Shuf-fle ball change,
Shuf-fle, hop, step.
Heel, toe, heel, toe.
Shuf-fle ball change,
Shuf-fle, hop, step.
Heel, toe, heel, toe, step.
Anyone who knows what these words mean will begin to move their feet to these tap steps automatically. It doesn’t matter how old you are; you know these steps. They were one of the first lessons I learned when taking tap lessons in first grade: If you want to do something or become something, you must learn what it takes to accomplish that. Then do it, and do it and do it again; and before you know, you’ll be there and as you achieve whatever it is, joy and beauty will emerge.
Lessons from dance
When taking ballet lessons I learned the primary five hand and feet positions. I can still hear my dance instructor saying, “Okay, students, arms up. Now, first position; that’s it. Now, second, third, fourth, fifth, and down to the side. Gracefully, students, and let’s not forget our feet positions too.” No ballet dancer worth her shoes did not know those positions as well as the classic arabesque position in which the body is supported on one leg, with the other leg extended horizontally backward and the arms following the feet. How beautiful and graceful I felt when the teacher instructed us how to incorporate these actions into a fluid dance performance. It didn’t matter what anyone else thought, I felt I was what my young mind perceived—a ballerina. Little did I know at that age what it would take to become that true ballerina. All I knew was that my actions and what I was learning were the beginning of finding the beauty in me, and I loved it. I fumbled, I fell, and I flubbed up in practice more times than I can count, but that didn’t matter; I was learning to “dance.” Those basic ballet and tap positions stayed with me long years after my last childhood recital performances; and I still use the hand positions occasionally with my pool exercises.
The highlight of Linda LaVonne’s Dance student’s “career” for the season was to appear in a recital for the Bill Riley Talent Scout Show. To our great delight, my trio group won an opportunity, when I had just turned eight years old to perform “The Duck Dance” on television. Our moms spruced up our duck costumes, re-glued fake yellow feathers to the paper plates pinned to our shoulders and backsides, and insisted we practice even harder, night after long night in each other’s homes, perfecting our performance. We didn’t mind, we were going to be on television. How excited we were to arrive at the studio and then to go on the set, showcasing our talent to be the best dancing ducks we could be. We had worked long and hard for this chance and we knew all the time spent in practice, fumbling, falling, and tripping over our tap steps would make us even more graceful and beautiful ducklings. We didn’t win that competition, and that was okay with us; we had done what we came there to do. However, I do remember the end movement of the dance was to stick our backsides up to the camera. That memory makes me smile to this day.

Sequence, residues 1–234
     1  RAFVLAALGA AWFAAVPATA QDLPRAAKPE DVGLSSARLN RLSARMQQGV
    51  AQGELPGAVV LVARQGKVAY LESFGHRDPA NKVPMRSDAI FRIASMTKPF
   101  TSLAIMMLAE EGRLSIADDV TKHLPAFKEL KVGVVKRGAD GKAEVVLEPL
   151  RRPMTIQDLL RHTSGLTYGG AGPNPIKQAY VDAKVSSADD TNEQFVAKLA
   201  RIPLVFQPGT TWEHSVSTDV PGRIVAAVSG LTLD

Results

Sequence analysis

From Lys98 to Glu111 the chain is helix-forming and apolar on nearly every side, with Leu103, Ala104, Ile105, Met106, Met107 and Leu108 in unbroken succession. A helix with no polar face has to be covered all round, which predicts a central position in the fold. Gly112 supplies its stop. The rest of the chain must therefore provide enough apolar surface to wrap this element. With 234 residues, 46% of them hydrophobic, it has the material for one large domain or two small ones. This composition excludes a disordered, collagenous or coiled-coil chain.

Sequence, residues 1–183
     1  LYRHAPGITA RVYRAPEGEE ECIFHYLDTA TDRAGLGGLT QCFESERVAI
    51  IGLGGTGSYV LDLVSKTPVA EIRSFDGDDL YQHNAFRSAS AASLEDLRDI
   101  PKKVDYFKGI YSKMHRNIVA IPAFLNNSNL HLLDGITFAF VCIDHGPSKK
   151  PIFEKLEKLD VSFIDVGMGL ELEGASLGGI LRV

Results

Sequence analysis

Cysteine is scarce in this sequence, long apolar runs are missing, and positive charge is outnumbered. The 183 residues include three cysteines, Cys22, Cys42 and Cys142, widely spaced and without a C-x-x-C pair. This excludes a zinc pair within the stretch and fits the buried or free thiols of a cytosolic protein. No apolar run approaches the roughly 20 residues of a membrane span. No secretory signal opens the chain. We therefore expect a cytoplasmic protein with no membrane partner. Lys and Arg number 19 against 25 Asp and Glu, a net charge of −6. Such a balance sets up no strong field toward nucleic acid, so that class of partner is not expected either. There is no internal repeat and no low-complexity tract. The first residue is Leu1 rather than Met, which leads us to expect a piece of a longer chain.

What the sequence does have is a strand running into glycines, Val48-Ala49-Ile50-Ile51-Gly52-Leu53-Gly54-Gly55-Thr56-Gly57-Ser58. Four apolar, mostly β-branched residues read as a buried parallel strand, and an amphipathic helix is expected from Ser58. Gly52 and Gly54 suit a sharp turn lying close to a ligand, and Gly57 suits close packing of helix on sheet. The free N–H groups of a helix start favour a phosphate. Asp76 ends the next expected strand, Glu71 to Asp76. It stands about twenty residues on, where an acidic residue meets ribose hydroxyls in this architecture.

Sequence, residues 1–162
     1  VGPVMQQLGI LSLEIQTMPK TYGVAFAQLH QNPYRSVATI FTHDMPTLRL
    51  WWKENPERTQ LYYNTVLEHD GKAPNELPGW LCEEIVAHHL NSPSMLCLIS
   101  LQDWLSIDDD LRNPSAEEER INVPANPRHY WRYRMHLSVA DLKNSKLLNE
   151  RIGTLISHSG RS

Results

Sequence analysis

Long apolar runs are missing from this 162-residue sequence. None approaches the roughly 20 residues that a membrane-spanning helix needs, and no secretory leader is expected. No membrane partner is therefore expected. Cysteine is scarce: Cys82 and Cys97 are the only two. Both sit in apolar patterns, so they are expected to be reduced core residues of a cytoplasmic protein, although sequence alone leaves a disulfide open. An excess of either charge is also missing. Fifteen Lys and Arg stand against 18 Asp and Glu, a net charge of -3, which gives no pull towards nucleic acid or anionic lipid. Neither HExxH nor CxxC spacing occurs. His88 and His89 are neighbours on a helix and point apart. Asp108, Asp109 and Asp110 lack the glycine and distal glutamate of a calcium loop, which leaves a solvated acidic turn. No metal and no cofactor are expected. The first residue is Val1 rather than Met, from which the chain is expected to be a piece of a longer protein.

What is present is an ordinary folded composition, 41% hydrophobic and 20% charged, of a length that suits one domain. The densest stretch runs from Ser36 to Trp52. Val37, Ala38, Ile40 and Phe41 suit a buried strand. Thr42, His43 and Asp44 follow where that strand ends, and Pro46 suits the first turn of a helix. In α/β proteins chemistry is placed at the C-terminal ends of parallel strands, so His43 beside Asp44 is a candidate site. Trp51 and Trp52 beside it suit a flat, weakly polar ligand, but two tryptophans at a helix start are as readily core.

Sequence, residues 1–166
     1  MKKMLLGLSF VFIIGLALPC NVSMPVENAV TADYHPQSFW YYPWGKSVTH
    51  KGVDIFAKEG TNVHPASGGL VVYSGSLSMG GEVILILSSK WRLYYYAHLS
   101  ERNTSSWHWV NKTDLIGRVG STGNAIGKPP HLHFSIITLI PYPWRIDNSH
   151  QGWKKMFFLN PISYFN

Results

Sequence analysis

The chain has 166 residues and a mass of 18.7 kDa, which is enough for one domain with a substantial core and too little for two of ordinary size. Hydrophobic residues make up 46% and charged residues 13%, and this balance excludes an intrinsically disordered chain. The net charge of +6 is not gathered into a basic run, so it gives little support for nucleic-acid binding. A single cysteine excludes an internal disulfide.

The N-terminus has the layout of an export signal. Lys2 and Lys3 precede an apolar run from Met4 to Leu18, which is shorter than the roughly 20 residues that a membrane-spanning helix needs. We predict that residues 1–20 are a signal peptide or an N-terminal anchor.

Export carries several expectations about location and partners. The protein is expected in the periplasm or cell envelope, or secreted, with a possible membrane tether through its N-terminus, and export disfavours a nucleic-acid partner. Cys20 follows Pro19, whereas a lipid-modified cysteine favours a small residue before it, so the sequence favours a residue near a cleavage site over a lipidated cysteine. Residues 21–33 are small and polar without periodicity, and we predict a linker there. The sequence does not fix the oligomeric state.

Awakening the motivation
At age twelve, I chose not to further my dance career in ballet because my dance instructor told me of the long, long years of lessons and concentrated hard work it would take to raise to my toes and become a ballerina. How painful seemed the long hours of practice. My family was large, and my parents made it clear that although they knew I enjoyed dancing, it would cost money, which they did not have. Was I sure I wanted to do this? I weighed my options and determined that, truly, I didn’t want to work that hard and I really just wanted to have fun. Hard work just didn’t equal fun to me at the tender age of twelve. No, being a future ballerina for The Bolshoi Ballet, the internationally renowned classical ballet company out of Moscow, Russia, wasn’t really my calling, but the arts remained an active part of my life.
The other night, as I was flipping through channels, I came upon the Iowa Public Television station that was showing a documentary on the history of ballet. I reminisced about the difference between my stint in dance and the graceful art created by those magnificent ballerinas. I wondered what would have happened in my life had I buckled down and done the hard work. Where would I be today? How would it have changed my life? Could I possibly apply that motivation to change my life today? Could the beauty that lay dormant within me still flourish?
One of the representatives for the American Ballet Theater group said on the documentary, “Ballet interpretation does not have to do with acting out the part in order for the dancer to portray her character well, it has to do with being that character. Expressing the deeper you has nothing to do with acting, but with being who you truly are.”
Something began to click in the gears of my heart. Hope.
Becoming who you were created to be
Many influences guide us to become or not to become who we are created to be. Parents, teachers, siblings, friends, coaches, all have an impact on the course of our lives. However, there does come a time when we must choose either to listen to our heart and be who we truly are or to listen to others and quit.